utm_source, utm_medium, utm_campaign Parameters – GA4 (Google Analytics 4)

Last Updated: November 30, 2022

What is UTM tracking in Google Analytics?

UTM tracking (also known as custom campaign tracking) refers to the tagging of your website URL with UTM parameters.

The UTM tracking is available in both GA3 (Universal Analytics) and GA4.

Note: UTM stands for ‘Urchin Tracking Module’. Urchin was the web analytics tool that Google acquired from ‘Urchin Software Corporation’ in April 2005. This tool was later re-branded as Google Analytics.

Why do you need UTM tracking?

Through UTM tracking, you can send detailed information about a marketing campaign to Google Analytics.

For example, through UTM tracking, you can send the following information about a Facebook marketing campaign to GA:

  • The name of the particular Facebook campaign which generated traffic and sales on your website.
  • The name of the particular ad set within the Facebook campaign that generated traffic and/or sales on your website.
  • The name of the particular ad within the particular Facebook ad set that generated traffic and/or sales on your website.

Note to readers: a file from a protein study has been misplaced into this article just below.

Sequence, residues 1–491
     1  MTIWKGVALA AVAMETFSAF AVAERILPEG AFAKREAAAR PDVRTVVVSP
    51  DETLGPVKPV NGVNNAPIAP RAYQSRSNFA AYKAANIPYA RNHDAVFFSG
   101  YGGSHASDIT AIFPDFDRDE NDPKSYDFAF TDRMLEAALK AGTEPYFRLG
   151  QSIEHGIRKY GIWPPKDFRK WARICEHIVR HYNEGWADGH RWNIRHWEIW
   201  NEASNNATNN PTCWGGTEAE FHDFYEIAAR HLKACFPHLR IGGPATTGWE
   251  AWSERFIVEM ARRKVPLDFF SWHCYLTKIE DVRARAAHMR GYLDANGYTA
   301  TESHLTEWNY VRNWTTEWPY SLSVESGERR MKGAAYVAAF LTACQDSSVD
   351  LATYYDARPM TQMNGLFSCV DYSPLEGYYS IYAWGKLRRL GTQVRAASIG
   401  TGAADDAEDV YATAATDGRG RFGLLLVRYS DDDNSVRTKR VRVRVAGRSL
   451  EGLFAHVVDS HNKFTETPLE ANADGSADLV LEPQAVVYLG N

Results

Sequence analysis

Without UTM tracking, Google Analytics will only tell you that you generated traffic and/or sales from Facebook.

It won’t tell you which particular campaign, adset or ad copy that generated traffic and/or sales on your website.

All you will see, by default in GA, is the traffic and sales from dozens of Facebook referrers.

In order to track the performance of each individual Facebook ad campaign in Google Analytics, you would need to add various UTM parameters at the end of the destination URL of each Facebook ad:

utm parameters added to facebook ads

Following is an example of a Facebook ad URL which contains UTM parameters:

https://www.abc.com/book-maths-and-stats/?utm_source=facebook&utm_medium=social&utm_campaign=pdf-book-campaign&utm_content=ad1

These UTM parameters have the power to overwrite the original referrer and send that information to GA, which cannot be sent otherwise.

Similarly, without UTM tracking, Google Analytics will only tell you that you generated traffic and/or sales from email.

It won’t tell you which particular email newsletter campaign or link within the email that generated traffic and/or sales on your website.

Whenever a referrer is dropped or is not passed, Google Analytics is not able to determine the origin of the traffic source and report that traffic as direct traffic.

One effective way to reduce direct traffic in Google Analytics is by using UTM tracking.

Non-web documents (like Microsoft Word, Excel, PowerPoint, PDF, etc.) do not send a referrer.

traffic from word document

So if a user clicks on a link embedded in a word document to visit your website, then GA would start a new session but without a referrer being passed by the user’s web browser.

Hence the traffic would be reported as direct traffic.